Personal Perspectives on Race, Privilege, and Responsibility
(This event has already occurred.)
Race relations have dominated the news in the past year, becoming a major national discourse. However, how do we as individuals deal with these often overwhelming, in-your-face events that make us feel unable to make a difference? Part of the answer may lie in helping each other gain insights from first-hand experiences.
Panelists (in order of appearance):
Dr. Dwonna Goldstone is an associate history professor and director of the African American Studies program at Texas State University in San Marcos, Texas. Her specialty areas include African American history and culture and Black women in history. She grew up in Moline, Illinois, and received her doctorate from the University of Texas at Austin. Her book is entitled, Integrating the Forty Acres: A Fifty-Year Struggle for Racial Equality at the University of Texas, which won the Coral H. Tullis Memorial Prize for the best book on Texas history. Her sharing will focus on her experience in helping people with difficult conversations about race.
Dr. Justine Pas is an associate professor of English and associate dean in the School of Humanities at Lindenwood University in St. Charles, Missouri. Her research interests include American ethnic literature, literature of the Holocaust, and translation studies. She has been published in both domestic and international scholarly journals as well as in scholarly volumes about translation theory and practice. She has also earned awards for teaching, including Lindenwood’s 2014-15 President’s Scholar-Teacher Award. Her most recent publications include, the “Foreword” to a memoir about surviving the Holocaust by Hava Ben-Zvi titled, We Who Lived: Two Teenagers in World War II Poland. She will share personal experiences and discuss the concept of white privilege.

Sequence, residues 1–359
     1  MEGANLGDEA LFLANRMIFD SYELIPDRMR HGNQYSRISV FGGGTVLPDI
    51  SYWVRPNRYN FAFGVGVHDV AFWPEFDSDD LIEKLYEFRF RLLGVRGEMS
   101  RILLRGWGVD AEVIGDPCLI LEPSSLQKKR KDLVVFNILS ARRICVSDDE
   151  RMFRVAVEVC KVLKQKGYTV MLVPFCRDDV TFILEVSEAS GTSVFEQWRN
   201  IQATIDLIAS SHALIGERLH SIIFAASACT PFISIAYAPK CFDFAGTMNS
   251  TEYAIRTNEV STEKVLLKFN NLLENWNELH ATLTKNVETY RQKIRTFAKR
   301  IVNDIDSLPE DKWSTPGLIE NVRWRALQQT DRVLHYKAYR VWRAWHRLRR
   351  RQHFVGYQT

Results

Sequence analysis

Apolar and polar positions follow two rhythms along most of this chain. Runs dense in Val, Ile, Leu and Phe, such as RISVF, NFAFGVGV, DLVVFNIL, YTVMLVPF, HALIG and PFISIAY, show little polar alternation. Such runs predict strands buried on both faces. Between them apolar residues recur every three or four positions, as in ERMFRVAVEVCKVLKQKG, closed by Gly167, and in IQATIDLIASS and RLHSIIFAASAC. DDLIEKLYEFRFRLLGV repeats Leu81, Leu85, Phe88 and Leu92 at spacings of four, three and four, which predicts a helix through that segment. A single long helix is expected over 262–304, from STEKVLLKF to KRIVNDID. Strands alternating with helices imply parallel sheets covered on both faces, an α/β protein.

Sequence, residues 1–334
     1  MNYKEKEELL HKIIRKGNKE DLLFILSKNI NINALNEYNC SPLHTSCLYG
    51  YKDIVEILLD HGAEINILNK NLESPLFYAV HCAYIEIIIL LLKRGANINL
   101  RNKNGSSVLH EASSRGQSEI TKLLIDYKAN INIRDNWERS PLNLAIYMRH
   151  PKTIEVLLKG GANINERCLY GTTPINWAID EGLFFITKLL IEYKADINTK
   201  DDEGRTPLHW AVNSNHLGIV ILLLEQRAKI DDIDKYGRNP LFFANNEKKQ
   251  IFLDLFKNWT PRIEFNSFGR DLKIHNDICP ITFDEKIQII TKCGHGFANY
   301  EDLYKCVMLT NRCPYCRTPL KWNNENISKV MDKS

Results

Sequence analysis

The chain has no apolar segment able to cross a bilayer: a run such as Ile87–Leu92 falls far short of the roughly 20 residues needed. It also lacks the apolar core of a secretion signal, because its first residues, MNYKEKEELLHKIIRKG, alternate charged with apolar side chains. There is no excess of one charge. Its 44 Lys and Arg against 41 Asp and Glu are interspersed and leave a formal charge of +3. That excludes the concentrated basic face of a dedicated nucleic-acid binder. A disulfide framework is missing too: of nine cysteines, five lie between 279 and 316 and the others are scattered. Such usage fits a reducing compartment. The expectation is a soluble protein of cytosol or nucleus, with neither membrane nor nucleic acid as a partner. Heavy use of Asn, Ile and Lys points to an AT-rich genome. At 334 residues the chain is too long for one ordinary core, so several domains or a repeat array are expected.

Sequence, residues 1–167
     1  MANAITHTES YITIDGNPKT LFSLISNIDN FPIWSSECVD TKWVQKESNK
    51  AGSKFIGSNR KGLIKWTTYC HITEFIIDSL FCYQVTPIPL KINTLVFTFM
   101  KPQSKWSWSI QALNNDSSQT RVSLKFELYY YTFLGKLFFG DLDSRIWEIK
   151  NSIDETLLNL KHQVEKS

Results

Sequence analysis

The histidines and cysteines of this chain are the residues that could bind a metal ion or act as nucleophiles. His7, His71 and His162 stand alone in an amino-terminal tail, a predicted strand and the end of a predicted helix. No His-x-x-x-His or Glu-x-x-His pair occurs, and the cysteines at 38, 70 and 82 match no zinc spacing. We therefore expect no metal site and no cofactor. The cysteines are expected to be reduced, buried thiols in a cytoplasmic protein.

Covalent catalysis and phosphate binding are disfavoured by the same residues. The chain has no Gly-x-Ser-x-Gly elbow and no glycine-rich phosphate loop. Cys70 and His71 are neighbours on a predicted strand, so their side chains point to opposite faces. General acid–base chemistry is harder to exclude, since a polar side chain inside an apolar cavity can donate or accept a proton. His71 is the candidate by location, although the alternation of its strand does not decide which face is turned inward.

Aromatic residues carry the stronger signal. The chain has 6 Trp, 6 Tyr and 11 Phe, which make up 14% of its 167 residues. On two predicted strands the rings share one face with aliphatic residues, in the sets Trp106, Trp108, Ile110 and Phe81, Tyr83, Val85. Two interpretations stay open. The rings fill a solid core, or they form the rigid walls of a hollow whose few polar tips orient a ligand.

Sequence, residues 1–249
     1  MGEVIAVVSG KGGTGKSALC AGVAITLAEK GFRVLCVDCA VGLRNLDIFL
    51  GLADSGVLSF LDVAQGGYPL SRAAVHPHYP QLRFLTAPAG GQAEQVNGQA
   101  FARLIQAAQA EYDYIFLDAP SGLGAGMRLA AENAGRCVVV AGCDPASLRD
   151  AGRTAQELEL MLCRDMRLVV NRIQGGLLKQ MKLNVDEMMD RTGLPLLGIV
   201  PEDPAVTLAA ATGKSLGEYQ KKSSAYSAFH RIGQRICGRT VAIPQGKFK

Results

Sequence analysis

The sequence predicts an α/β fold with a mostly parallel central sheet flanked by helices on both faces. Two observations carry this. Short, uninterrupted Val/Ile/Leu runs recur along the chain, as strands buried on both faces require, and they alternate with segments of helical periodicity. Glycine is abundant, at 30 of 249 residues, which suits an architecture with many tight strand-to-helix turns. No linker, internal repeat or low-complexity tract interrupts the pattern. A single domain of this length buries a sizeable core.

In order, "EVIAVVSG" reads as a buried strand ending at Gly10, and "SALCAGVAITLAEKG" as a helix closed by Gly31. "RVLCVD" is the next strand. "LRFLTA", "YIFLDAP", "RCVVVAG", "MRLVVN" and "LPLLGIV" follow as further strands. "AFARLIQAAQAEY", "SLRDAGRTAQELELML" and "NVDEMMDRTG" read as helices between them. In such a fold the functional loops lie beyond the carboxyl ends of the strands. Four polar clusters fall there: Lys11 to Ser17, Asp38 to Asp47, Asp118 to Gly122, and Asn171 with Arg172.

Dr. Steven Abramowitch is an associate professor of bioengineering at the University of Pittsburgh. While his academic focus is on elucidating the processes of injury, disease, and healing of connective tissues through an understanding of tissue mechanics and the complex relationships between composition, structure, and function, his other focus, pertinent to this webinar, is on diversity and action. According to Ande Marini, Region VI Student Representative, “Dr. Abramowitch works a lot with the diversity office, leads the STRIVE program at Pitt (to assist underrepresented minorities in their graduate careers), and has won an award from the biomedical engineering society for his commitment to improving racial and gender diversity in the field.” He will focus on positive actions students can take to address diversity issues.
Host & Moderator:
Lara Noah was selected in 2018 as Alpha Chi’s fourth Executive Director. Two years after being inducted into the Arkansas Eta chapter of Alpha Chi as a college junior, she became professionally affiliated with the Society where her career has now spanned nearly three decades. She lives in Little Rock, Arkansas, where Alpha Chi’s national offices are located, and is focusing her efforts on ensuring that Alpha Chi members feel empowered to make scholarship effective for good.